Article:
Whether you call it global warming or climate change, science has become more definitive than ever: Humans are harming the Earth.
Since before Al Gore dazzled with his PowerPoint presentation, from individuals to industry, there has been an endless fount of ideas, large and small, to minimize humans’ impact on the Earth.
Most local residents will not go out tomorrow and convert their cars to run on vegetable oil or mount solar panels on their roofs — although both of those would help the Earth.
Here are some no-cost and low-cost quick fixes that anyone can do, starting today.
Start at home
Environmental experts say that taking action to help the Earth is more about changing behaviors than anything else.
“We know that if you have identical houses with two different families living in them, they can have vastly different energy use,” said Aron Cromwell, Lawrence city commissioner and owner of Cromwell Environmental. “It comes down to how those people choose to use or not use energy.”
Although most people remember to turn off the lights when they leave a room, Cromwell says that the same conscience doesn’t always carry over to when people are away at work or on vacation.
Cromwell closes his blinds in the summer months to keep out the hot sun. In the winter months, he closes his drapes to help insulate around his windows.
Also, when you are away for longer periods, Cromwell says to make sure electronics are off; additionally, turn off the power strip that connects them.
If you are not sure you can remember to close the blinds or turn off power strips, try something automatic: a programmable thermostat. That way, once you program it, energy use goes down during the times you need it least — when you’re sleeping or not home.
For those who don’t already have a programmable thermostat, Cromwell recommends taking advantage of Westar Energy’s WattSaver program to receive a free thermostat that can be controlled through the Internet.
“Where you set the thermostat can have a big impact on your utility bills and how much energy you use,” Cromwell said. “You should work on changing your comfort point in your own house by a few degrees.”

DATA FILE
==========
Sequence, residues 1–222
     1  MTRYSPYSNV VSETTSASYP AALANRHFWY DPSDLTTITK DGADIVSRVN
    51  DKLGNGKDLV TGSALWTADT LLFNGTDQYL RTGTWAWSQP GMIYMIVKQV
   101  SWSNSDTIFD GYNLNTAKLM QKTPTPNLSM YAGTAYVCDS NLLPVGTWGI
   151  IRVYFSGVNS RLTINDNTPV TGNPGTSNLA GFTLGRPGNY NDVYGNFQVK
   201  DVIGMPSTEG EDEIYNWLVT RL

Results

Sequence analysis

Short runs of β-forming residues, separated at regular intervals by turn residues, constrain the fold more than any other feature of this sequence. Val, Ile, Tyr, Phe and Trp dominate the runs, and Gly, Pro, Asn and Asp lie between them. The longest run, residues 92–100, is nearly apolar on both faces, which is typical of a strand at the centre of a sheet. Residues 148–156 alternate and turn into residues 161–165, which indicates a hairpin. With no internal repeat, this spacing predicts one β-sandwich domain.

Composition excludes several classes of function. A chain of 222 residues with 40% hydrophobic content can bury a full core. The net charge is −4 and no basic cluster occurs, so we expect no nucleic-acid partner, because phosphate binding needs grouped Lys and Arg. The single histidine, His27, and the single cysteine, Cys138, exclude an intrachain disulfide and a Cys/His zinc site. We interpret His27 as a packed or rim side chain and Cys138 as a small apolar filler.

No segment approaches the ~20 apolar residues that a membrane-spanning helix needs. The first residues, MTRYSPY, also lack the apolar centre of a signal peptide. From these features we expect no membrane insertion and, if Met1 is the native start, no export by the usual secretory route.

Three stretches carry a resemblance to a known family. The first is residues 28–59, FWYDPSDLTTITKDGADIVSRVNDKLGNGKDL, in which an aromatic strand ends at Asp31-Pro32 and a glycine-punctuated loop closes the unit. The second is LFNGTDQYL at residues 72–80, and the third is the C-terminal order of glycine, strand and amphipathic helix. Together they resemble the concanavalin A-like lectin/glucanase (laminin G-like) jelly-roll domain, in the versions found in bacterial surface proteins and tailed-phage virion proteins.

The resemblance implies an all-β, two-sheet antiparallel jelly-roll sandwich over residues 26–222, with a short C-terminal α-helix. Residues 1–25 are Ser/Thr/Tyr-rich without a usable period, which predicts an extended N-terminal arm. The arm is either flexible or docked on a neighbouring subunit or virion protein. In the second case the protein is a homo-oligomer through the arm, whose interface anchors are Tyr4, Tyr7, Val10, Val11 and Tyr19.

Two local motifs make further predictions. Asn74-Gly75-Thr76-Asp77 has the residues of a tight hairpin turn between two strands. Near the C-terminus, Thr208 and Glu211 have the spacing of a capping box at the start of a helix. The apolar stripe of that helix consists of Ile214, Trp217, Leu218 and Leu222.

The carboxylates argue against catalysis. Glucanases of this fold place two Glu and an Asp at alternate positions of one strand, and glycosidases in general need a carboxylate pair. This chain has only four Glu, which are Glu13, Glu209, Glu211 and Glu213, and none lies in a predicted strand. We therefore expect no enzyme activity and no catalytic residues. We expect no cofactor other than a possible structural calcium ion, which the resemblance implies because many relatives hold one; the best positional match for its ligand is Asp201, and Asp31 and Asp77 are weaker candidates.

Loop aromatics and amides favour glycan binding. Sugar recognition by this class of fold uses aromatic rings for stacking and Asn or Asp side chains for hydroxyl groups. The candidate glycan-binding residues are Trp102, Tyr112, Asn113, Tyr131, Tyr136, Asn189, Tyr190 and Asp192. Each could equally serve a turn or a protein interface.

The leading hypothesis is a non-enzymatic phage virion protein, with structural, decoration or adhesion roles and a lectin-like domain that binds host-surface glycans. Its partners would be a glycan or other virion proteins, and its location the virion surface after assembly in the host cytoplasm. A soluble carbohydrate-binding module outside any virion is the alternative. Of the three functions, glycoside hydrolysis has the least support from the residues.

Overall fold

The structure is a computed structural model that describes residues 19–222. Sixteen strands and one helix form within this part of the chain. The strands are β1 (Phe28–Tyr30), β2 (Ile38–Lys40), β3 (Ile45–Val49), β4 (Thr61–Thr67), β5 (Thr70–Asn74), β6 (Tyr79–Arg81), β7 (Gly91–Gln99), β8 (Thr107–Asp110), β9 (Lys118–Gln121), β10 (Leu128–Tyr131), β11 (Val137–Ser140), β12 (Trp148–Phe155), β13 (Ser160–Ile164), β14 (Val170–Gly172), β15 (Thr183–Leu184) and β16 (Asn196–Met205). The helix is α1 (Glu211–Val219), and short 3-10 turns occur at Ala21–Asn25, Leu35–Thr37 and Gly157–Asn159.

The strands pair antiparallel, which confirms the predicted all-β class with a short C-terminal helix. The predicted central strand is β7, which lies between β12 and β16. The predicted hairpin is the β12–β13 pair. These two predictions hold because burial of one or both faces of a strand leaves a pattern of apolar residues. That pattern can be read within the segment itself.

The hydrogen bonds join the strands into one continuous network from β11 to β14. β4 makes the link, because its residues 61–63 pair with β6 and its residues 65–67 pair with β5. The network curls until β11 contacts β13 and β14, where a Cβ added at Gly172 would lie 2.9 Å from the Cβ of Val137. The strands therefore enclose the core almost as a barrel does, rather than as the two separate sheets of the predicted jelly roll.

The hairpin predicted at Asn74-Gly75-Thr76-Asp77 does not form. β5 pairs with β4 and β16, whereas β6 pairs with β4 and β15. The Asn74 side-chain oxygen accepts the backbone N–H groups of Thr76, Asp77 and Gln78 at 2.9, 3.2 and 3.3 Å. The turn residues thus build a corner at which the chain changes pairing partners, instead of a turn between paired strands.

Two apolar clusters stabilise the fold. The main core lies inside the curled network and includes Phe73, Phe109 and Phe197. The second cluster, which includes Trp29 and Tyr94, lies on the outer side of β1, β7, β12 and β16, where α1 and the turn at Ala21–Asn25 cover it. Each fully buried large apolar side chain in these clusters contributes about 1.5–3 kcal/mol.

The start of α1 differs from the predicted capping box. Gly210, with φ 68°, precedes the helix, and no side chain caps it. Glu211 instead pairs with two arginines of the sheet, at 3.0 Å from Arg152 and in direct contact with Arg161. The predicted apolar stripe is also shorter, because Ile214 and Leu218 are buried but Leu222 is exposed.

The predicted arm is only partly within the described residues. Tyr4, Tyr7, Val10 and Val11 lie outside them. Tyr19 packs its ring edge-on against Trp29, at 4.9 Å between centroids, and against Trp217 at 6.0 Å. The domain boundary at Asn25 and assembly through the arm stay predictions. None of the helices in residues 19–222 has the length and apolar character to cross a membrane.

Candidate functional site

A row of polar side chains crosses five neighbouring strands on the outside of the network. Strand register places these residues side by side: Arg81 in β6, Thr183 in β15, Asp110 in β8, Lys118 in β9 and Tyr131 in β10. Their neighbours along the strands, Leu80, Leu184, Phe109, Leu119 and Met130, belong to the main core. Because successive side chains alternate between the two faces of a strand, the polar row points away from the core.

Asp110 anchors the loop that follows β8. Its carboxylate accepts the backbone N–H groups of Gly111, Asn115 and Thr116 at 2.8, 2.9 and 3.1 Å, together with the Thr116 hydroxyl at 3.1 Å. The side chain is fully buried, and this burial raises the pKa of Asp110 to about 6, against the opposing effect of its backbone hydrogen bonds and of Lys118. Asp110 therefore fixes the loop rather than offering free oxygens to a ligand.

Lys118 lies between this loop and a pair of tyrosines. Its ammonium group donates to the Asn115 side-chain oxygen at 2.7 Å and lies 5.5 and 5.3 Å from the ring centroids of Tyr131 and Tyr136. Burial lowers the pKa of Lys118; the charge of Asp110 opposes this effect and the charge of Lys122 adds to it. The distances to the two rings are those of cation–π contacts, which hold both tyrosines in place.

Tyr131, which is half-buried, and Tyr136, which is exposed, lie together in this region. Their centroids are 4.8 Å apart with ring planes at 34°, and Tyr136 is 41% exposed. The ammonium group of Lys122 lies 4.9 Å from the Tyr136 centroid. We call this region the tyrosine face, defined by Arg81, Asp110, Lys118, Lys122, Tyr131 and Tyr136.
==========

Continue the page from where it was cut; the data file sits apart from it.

According to the U.S. Department of Energy, the household appliance that uses the most energy is the clothes dryer. In the past few years, there has been a strong movement toward encouraging people to air dry their clothes, either on a clothesline or drying rack.
Project Laundry List is a website dedicated to the cause, and according to the site, if all Americans were to air dry their clothes, they would save enough energy to close several power plants.
In addition to those suggestions for your home, Cromwell says there are two relatively small investments for homeowners that also can save both significant money and the Earth: The first is to add insulation to your attic, and the second is to go around your house with caulk to seal cracks around windows.
Kim Scherman, Kansas University student and president of KU Environs, says that switching to environmentally friendly cleaning products helps the Earth by not sending chemicals into drainage systems and rivers. They also can be better for your health.
“People think if they don’t buy Clorox or something similar, their house won’t be as clean. It’s just not true. Honestly, you don’t even know what’s in it and how it could affect you,” she said.
She recommends going online to look for eco-friendly cleaning solutions and home remedies for stains and tough dirt. Most, if not all, of the ingredients can be found in your pantry.
Two effective cleansers — to be used separately — are plain white vinegar or baking soda.
Mix one part vinegar with four parts water to clean the stove and countertops, mop the floors or wash windows. Shake baking soda and a little water onto stains or grime, let it sit a few minutes, then scrub.
Scherman has stopped using paper towels in her home altogether and instead uses cotton washcloths. If you can replace your household’s dependence on paper towels, your contributions to landfills will diminish dramatically, not to mention decreasing the deforestation and chemical processes in paper towel manufacturing. The same goes for other disposable disinfectant wipes, mopping pads and toilet sponges that will go in the trash after one use. Use old T-shirts or socks as cleaning and dusting rags, and throw them in with the next load of laundry.
Wrap it up
Scherman’s two favorite reusable materials around the house are aluminum foil and glass. She recommends using foil instead of disposable plastic baggies to pack lunches or keep food fresh. She saves her foil and hand washes it with her dishes so she can use it again. If it tears or deteriorates, it can be recycled.
She uses glass containers to store leftovers and hold drinks at home, and she recommends having a reusable water bottle instead of purchasing plastic bottles of water.
“People are into being green,” Scherman said. “I think it’s exciting for people to take small steps to change and be able to say they’re environmentally friendly. Do things you can feel good about.”